Musket Ridge Golf Club will be transformed to zero food waste through an on-site “bokashi” composting program.
Not many wedding photo albums include a picture of the beautiful bride scraping wedding cake off a plate into a compost pile. But that was exactly what a publicity photo released by Musket Ridge Golf Club in Meyersville, Md., shows, to demonstrate just how dedicated the club is to its new zero-waste food initiative that it is implementing throughout its golf course, restaurant and wedding/banquet facility.
All of those operations will now be transformed to zero food waste through an on-site “bokashi” composting program. Originated from Asian cultures, bokashi uses fermentation to break down all food scraps, including meat, dairy and oils, in less than half the time of conventional composting, while avoiding unpleasant odors and deterring pests. The end product is a natural liquid fertilizer that greatly increases the population of beneficial microbes, adding valuable nutrients to the compost and helping improve the health of soil and plants.
Musket Ridge plans to use the bokashi, compost, and compost tea generated through the initiative to promote the health and growth of a new organic vegetable and herb garden that is being developed by the club’s Executive Chef and will produce ingredients to be featured on club menus.
“As a premier wedding venue in the area, we produce approximately 4,000 pounds of food waste per year which goes right into a landfill, where it decomposes very slowly and contributes to the production of harmful gases,” says Damon DeVito, managing director and a founder of Affinity Management in Charlottesville, Va., which manages Musket Ridge. “Many of our brides and event planners have been asking how we could help them lessen the environmental impact of their wedding, meeting or golf outing. We considered traditional composting, but it has drawbacks for a commercial kitchen. This is a whole different ballgame that doesn’t involve rotting and will handle meat and dairy, and the process is straightforward.”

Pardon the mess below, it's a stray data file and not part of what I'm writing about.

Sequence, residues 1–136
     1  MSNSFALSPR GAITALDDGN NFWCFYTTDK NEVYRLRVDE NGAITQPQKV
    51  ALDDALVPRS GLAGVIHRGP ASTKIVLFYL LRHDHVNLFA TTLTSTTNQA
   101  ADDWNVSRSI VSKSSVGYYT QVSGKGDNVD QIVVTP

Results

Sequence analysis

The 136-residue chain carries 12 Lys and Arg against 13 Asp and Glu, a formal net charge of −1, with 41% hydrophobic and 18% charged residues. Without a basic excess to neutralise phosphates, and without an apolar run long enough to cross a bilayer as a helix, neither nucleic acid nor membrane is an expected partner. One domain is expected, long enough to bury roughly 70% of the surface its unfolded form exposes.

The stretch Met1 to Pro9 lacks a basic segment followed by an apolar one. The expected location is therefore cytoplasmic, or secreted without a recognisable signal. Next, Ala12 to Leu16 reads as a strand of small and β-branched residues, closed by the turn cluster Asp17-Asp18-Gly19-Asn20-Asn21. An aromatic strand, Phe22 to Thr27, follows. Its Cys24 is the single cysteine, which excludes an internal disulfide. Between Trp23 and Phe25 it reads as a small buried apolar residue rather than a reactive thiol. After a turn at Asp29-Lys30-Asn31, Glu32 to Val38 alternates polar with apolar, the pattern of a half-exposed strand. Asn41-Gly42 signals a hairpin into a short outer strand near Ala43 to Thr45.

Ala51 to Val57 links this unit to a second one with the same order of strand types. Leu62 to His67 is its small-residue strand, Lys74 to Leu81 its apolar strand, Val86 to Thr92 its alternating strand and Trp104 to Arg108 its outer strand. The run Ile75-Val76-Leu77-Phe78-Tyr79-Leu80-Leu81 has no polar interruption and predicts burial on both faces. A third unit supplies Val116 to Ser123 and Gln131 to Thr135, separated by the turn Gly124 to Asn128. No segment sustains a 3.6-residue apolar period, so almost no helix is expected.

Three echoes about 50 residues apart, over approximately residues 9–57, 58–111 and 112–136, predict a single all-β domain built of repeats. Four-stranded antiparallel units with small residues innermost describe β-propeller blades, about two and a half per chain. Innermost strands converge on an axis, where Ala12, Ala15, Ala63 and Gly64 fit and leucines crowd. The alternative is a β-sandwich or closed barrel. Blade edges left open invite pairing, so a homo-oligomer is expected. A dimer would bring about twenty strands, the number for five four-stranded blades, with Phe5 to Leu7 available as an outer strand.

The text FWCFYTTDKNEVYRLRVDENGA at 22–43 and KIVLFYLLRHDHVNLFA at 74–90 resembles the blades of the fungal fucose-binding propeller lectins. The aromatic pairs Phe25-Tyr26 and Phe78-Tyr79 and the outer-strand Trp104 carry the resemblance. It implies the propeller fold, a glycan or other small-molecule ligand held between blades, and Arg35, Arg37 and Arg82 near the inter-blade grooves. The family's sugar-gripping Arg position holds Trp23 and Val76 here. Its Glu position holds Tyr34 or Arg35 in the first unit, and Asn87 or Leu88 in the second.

Musket Ridge is also planning an educational program with local public schools to show students the importance of sustainability. The program will include tours of Musket Ridge’s zero-waste initiative and also hands-on school-garden and composting projects.
The club currently recycles all plastic, aluminum, glass and cardboard, and has contracted with a biofuel company to utilize its kitchen grease to be reproduced into fuel.
“We have owners who have brought incredible economic sustainability to our facility by eliminating every penny of borrowing,” DeVito says. “We don’t even have leases. It is a natural outgrowth that we committed to environmental sustainability.”